Despite Pandemic, Aftermarket Likely to See Long-Term BenefitBy Andrea Villar | Thu, 06/17/2021 - 05:00
Q: What role does AIA play in the automotive industry?
A: AIA represents people in the automotive aftermarket. We represent all players that manufacture replacement parts, the supply chain that distributes those and ultimately the people who are maintaining and fixing cars. In Canada, we are the biggest employer of the automotive industry, employing close to 400,000 people. We also contribute close to CA$40 billion to the economy as there are many cars to be maintained.
Q: What challenges and opportunities do you see for the automotive aftermarket following the pandemic?
A: When we talk about the aftermarket, which involves everything that comes after a car is sold, the question is how are we going to service cars in the future. First, we must look at the impact on the business: how many vehicles are on the road, how often are these used and how old are the vehicles on the road. More cars and more use mean more services needed for vehicles. The aftermarket can be typically analyzed by the combination of these three factors: the parked vehicle fleet, miles driven and the age of the cars.
Looking at the post-COVID-19 scenario, there are a few things that need to be considered. The first is that we think fewer people will commute. I think we are going to start to see more people working from home, which is going to reduce miles driven. But we also see that as part of the pandemic, people are now delaying the purchase of new vehicles. They are also delaying luxury purchases, keeping their vehicles for a longer time, which is a positive contributor to the aftermarket.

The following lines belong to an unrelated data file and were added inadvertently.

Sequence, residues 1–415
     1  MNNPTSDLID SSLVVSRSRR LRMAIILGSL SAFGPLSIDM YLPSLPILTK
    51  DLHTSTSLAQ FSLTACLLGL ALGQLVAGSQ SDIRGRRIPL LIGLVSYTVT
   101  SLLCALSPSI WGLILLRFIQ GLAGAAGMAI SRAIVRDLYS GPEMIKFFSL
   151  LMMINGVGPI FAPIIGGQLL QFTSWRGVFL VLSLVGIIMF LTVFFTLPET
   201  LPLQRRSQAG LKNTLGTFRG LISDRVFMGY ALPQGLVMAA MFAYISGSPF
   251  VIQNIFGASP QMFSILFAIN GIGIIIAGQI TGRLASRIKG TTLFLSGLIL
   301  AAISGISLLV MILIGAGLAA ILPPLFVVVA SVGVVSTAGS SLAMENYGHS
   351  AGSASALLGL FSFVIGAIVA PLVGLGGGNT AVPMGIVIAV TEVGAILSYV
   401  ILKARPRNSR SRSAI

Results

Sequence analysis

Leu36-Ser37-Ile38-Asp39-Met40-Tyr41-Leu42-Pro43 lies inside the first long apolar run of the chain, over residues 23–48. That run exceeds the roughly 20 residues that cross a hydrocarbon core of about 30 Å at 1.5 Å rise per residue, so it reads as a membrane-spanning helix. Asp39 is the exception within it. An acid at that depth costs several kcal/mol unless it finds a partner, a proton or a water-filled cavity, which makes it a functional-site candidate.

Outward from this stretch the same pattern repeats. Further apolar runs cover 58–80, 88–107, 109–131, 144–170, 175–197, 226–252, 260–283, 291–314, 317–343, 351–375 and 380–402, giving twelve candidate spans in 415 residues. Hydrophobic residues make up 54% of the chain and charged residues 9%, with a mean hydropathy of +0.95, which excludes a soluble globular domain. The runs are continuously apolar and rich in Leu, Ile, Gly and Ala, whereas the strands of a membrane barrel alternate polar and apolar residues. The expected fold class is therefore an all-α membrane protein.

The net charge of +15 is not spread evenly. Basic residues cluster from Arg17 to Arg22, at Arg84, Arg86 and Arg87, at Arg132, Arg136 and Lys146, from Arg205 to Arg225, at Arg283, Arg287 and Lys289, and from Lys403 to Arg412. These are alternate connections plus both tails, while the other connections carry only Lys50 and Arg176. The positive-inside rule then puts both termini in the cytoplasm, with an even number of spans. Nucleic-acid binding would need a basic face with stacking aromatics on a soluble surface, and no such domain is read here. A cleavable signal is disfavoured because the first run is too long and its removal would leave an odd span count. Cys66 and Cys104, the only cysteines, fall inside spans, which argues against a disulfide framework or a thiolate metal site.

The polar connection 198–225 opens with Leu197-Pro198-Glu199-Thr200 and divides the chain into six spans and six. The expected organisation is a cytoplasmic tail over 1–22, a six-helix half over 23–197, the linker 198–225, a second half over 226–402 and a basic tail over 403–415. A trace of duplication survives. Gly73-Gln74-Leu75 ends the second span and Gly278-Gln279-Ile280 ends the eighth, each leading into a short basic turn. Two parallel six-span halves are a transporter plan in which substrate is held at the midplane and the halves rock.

However, the thing we all need to consider is that now a personal car is probably the best Personal Protection Equipment (PPE) against COVID-19. While people typically used public transport to go to work, now we are going to see more people choosing to commute in a private vehicle. All of these factors are going to have a long-lasting impact on the industry. However, consumers will gradually be more comfortable and confident about the economy and will buy new vehicles.
The real question for us, however, is how much less people will drive as a result? That is one of the big answers we have to get for the future. The second piece of the conversation is all about e-commerce and how people get their car service now. Due to the pandemic, people are scheduling appointments online and are considering maintenance in their planning, which is a good thing because it allows us to provide better and faster services. We are all going to benefit from this in the long run.
Q: How are you supporting members to migrate from traditional sales to e-commerce?
A: We have conducted surveys to generate a great deal of data on consumer behavior, really trying to explain and capture how fast consumers are changing their habits. We have seen an acceleration in the willingness of people to use an online platform for booking their maintenance services. The automotive aftermarket has been recognized as an essential service; we are providing front-line services and it is key to work closely with our members to make sure that they understand the rules of the pandemic so they can safely provide services to customers.